Texas homesteader Julie Torres knows from experience how important it is to protect her chickens from predators. She once lost almost an entire flock of chickens overnight to raccoons that simply beheaded them as they tried to remove the fowl from the coop. She lost three another night to what she believes was a skunk. And her own dogs took out a few. And then there was the time she went out of town and left her daughter in charge. “There are steps when caring for the animals, and my daughter missed a step, so I came back to a chicken massacre,” Torres says. “All my layers were dead so I had to get more chickens and had to store-buy eggs.”
Raccoons, skunks, and dogs aren’t the only animals looking to dine on chickens. A long list of animals and birds prey on chickens, including eagles, hawks, foxes, and coyotes. Elaina Enzien, a field specialist at the University of New Hampshire Cooperative Extension, says everything likes and eats chicken, so there aren’t too many predators that wouldn’t go for them if the opportunity arose. She considers weasels the most troublesome. “Family members of mine have had some weasel problems. They go in and only eat a couple and slaughter the rest just for fun in the space of a night, so if you get a weasel in there, that’s pretty much it for your flock,” Enzien says, who also notes weasels can squeak in through such small spaces.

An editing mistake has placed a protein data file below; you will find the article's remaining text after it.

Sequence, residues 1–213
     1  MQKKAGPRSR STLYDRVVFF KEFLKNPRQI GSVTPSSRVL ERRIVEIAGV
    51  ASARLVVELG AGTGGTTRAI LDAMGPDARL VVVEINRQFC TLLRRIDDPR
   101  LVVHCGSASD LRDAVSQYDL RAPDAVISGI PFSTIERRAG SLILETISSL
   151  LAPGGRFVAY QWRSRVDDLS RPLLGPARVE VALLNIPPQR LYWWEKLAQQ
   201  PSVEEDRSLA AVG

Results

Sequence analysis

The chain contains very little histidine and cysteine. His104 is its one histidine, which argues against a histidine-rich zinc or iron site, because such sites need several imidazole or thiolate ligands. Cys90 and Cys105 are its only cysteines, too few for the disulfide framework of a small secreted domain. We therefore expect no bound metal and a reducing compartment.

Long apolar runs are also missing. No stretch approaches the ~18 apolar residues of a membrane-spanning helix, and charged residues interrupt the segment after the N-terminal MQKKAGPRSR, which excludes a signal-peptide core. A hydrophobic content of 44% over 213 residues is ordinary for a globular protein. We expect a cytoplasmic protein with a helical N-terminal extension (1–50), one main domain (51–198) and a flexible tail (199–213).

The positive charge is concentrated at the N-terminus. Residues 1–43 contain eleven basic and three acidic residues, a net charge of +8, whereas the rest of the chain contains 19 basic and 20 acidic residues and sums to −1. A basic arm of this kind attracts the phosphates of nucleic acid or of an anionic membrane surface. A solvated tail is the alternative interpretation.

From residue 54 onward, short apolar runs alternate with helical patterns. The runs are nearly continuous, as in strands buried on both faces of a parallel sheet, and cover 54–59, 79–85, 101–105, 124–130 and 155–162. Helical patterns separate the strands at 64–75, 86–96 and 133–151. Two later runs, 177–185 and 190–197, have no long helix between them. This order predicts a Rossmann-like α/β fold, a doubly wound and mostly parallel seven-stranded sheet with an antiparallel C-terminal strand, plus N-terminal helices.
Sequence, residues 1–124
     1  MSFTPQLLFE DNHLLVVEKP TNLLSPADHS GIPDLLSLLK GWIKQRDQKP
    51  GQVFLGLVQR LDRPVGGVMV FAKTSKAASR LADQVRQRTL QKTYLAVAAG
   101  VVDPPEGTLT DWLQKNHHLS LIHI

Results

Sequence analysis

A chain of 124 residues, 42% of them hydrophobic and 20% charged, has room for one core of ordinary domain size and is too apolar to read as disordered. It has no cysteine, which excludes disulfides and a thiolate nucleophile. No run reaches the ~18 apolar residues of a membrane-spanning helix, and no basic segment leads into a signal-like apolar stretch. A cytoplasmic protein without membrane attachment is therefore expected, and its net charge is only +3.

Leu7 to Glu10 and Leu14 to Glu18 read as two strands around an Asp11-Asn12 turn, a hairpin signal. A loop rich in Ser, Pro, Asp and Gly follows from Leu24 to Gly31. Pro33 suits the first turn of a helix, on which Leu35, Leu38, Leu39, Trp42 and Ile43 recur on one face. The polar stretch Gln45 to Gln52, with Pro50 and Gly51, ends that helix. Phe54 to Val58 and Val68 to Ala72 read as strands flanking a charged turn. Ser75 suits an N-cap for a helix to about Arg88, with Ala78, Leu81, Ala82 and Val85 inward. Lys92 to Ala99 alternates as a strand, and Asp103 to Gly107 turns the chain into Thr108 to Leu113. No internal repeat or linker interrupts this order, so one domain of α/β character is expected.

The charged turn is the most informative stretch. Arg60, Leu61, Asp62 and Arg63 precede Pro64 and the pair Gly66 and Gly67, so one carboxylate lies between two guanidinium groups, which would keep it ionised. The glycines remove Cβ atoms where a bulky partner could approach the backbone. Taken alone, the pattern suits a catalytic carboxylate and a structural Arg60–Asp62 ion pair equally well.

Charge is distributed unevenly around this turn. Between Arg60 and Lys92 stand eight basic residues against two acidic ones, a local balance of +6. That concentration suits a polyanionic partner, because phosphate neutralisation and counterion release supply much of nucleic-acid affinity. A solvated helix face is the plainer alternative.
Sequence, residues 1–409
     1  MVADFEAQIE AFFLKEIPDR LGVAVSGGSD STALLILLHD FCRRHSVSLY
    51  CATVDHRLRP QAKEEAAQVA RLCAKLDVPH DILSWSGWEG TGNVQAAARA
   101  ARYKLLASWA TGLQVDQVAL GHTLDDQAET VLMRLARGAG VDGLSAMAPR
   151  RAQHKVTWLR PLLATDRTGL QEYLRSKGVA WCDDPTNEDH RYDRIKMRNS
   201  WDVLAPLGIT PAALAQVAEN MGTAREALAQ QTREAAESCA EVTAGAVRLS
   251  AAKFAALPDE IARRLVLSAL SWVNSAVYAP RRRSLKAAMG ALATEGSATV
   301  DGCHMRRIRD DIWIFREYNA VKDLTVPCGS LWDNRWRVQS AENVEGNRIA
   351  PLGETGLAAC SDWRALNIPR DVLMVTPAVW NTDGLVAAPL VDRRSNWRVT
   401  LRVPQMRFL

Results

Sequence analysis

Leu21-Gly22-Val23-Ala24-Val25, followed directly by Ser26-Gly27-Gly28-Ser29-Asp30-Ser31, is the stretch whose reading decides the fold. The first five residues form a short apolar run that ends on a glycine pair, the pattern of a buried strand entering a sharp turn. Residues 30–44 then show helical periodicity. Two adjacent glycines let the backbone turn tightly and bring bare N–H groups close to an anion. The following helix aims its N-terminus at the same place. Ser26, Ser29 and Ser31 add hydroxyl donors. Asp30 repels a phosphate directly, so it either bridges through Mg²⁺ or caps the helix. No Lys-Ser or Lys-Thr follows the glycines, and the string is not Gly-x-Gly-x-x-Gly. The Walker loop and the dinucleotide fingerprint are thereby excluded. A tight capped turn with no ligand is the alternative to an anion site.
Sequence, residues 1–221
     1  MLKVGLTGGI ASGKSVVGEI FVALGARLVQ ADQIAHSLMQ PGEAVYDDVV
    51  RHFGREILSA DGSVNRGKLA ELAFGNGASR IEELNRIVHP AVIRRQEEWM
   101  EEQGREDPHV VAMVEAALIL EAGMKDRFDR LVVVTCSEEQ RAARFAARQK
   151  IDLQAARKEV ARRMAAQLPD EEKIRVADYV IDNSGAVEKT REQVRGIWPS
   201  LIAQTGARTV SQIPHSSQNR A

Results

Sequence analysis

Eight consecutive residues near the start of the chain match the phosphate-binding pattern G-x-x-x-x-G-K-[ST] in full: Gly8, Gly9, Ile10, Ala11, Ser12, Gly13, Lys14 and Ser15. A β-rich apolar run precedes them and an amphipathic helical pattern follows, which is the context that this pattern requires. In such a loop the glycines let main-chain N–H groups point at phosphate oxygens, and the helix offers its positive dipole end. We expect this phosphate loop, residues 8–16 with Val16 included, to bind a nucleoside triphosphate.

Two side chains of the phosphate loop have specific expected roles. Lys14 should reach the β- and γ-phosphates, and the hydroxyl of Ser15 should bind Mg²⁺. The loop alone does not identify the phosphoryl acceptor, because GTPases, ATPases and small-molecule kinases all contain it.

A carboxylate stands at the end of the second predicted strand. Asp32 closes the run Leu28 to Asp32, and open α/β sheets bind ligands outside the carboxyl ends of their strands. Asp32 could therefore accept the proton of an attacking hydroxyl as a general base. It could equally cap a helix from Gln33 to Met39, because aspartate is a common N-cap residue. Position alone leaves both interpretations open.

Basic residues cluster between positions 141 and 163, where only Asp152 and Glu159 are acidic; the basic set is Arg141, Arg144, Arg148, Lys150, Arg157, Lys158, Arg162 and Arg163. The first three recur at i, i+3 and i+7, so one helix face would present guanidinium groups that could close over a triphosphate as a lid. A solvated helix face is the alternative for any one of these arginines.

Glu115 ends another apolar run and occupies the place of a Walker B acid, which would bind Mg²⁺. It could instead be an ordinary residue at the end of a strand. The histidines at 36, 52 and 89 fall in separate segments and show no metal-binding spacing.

Luckily, there are ways to keep your chickens safe from harm and maintain your peace of mind. Below, homesteaders and poultry experts offer tips and tricks to keep your coop massacre-free:
1. Blocking Out the Haters (Predators)
If you’re worried about predators burrowing under your coops and attacking your chickens from the inside, consider fortifying the bottom of the coop with a small brick wall or something similar that thwarts burrowing.
McKinsey Hawthorn, who lives in a remote area and therefore shares her property with wolves, cougars, foxes, badgers, coyotes, and rattlesnakes, has had chickens for the past 12 years. She says most predators come around when the chickens return to the coop to roost. Because of this, she built her coop over a cement slab that she poured to keep predators from digging their way in. Hawthorn says thanks to the slab, she has never had any predators in the coop — including snakes.